A Lover of Books

Interview with Tara Moore

Author Picture

Tara Moore’s new book, ‘Fade to Dead’ was recently published by Urbane Publications and is the first of a series.  I asked Tara some questions about it.

 

I have been hearing good things about your new book.  Can you tell me a bit about it please?

Book Cover

My books generally originate with a character that pops into my head in the dead of night, setting up such a clamour that sleep becomes impossible. It’s annoying, but exciting too, and when that character is pretty much fully formed – for which read loud and insistent – I know there is a book to be written. Indeed, Jessica Wideacre, the lead character in Fade To Dead, arrived a full ten years ago. Back then, she just wasn’t the right fit for the contemporary novels I was working on, but I knew, beyond shadow of a doubt that, someday, she would emerge kicking and screaming into the light. Actually, kicking and screaming is something Jessica does rather well.

In Fade To Dead, she’s tasked with apprehending a vicious serial killer. Self-styled, The Director, he’s snatching young girls off the street to star in his movies. Armed with the perfect script, he’s got a role to die for. Literally. With a rising body count and clues scarcer than hens’ teeth, Jessica’s back is right up against the wall.  Time is not on her side. Neither is her boss, who doesn’t hesitate to turn the thumb screws. In the perfect storm, Jessica’s home life is also disintegrating around her ears. It doesn’t take a genius to figure out that something or somebody subjected to sustained pressure will eventually crack. However, going to pieces is a luxury Jessica can’t afford. Whatever it takes, whatever the personal cost, she will not rest until The Director is behind bars.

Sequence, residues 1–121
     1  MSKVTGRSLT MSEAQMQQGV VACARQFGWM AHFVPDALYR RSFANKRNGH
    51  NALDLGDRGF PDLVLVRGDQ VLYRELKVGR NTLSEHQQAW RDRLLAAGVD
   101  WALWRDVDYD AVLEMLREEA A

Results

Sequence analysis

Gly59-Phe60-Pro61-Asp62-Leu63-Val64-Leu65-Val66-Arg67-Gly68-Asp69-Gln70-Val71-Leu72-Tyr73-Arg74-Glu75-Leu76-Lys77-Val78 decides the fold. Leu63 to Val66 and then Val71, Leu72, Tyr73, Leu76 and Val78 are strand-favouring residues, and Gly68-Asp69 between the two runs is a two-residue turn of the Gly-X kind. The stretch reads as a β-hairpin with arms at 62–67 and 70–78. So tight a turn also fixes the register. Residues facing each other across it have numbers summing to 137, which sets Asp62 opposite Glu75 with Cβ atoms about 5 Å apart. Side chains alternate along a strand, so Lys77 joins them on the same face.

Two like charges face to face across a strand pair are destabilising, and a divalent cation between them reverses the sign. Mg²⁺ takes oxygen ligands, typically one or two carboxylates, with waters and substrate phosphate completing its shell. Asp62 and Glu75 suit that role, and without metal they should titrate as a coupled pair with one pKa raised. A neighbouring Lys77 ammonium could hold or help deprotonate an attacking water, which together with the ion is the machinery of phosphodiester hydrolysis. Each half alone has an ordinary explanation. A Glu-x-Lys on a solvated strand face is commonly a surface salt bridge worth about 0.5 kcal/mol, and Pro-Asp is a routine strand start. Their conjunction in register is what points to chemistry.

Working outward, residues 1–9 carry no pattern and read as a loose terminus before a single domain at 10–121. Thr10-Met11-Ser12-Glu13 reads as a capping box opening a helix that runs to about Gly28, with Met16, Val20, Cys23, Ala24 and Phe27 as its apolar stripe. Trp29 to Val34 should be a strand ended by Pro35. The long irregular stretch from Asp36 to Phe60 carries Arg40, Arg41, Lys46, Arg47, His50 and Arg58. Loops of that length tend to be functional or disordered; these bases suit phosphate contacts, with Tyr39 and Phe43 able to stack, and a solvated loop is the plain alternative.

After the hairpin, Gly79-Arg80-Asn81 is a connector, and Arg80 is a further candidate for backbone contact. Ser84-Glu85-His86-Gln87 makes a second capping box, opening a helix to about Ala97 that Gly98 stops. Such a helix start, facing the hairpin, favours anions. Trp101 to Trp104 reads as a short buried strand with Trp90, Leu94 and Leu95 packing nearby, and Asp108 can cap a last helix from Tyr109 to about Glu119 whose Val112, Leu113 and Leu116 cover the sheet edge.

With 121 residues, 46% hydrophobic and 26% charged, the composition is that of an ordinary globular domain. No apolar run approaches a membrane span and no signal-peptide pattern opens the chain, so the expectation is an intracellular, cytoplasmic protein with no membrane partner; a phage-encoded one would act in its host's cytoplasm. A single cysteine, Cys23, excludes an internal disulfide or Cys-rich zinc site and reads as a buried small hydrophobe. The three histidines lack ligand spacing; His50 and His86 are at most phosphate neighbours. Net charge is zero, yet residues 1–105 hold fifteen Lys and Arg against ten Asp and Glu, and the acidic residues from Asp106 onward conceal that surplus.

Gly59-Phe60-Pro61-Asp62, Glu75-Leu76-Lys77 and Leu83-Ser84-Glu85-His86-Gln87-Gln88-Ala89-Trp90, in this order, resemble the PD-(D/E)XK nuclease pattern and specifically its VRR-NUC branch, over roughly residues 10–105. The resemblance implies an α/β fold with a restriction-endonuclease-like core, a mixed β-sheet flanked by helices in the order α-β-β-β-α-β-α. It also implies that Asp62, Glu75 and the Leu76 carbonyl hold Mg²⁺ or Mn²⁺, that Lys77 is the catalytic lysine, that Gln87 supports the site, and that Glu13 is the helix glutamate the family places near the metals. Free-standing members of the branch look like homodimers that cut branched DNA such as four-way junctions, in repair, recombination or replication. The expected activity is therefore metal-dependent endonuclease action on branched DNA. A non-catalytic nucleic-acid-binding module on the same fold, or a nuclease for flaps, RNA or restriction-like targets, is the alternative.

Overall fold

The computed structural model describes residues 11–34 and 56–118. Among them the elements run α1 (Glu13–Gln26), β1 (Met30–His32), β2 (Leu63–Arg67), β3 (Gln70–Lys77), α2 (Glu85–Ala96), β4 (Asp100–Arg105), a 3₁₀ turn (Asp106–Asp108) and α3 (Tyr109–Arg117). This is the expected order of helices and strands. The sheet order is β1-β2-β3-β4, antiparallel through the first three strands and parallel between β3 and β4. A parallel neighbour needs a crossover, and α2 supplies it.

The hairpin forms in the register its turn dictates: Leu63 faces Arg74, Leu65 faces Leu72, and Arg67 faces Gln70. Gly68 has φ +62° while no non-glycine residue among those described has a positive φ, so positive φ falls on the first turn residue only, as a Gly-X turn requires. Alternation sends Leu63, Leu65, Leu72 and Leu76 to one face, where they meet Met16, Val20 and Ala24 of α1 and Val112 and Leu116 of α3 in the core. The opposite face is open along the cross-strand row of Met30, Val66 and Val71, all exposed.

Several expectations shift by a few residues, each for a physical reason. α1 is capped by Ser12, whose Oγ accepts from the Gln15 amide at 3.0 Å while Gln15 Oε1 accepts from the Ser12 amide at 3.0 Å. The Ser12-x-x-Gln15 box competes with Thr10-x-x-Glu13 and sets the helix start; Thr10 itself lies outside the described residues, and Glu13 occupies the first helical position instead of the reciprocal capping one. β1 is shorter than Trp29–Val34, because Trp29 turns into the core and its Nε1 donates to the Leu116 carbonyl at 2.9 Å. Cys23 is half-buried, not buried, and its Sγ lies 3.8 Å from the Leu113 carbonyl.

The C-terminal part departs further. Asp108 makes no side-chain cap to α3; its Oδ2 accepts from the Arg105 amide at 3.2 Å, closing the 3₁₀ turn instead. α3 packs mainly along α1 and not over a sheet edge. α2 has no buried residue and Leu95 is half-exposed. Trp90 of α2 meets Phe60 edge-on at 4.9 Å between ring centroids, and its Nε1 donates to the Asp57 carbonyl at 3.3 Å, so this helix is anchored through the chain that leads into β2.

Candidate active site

How many books in the series are there going to be?

I’m leaning towards seven books, the second of which, Babyshoes, is currently underway. That may change, of course. I’m not the one calling the shots. Jessica is!

 

What made you decide to write a series?

As I was writing Fade To Dead, it became clear that both Jessica Wideacre and her team had a lot more to give. An expression you will hear time and time again amongst authors is that the characters became like family. I want to know ALL about them and ALL their secrets. I’m nosey like that.  Jessica, in particular, piques my interest. She’s prickly, wears her pride like armour, is sometimes misguided, and doesn’t suffer fools gladly. She’s definitely no angel and will bend the rules if circumstances warrant it. That said, her heart is in the right place and her sense of justice unshakeable.  I would want a Jessica in my corner (especially in a boxing ring!).

 

Was any research involved?

South London where Fade To Dead is set was my old stomping ground for twenty years and so I have a good knowledge of the area and its surrounds. It is also the place where my two sons were born. That alone, means it will always have a special place in my heart, Tooting Broadway in particular.

Regarding the police procedural aspects – (although Jessica is not a by-the-book copper) – I called on the knowledge of an ex policeman friend. As is the norm these days, I also consulted with the great and all powerful Wizard of Google, read lots of books and watched lots of films.

 

Can you relate to any of your characters?